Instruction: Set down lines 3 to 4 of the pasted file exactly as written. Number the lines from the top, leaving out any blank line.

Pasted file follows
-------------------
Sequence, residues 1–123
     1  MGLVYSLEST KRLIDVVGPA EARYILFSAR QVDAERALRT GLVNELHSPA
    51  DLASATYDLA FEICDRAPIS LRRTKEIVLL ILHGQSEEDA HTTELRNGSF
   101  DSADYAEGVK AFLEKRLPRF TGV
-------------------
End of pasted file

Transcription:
    51  DLASATYDLA FEICDRAPIS LRRTKEIVLL ILHGQSEEDA HTTELRNGSF
   101  DSADYAEGVK AFLEKRLPRF TGV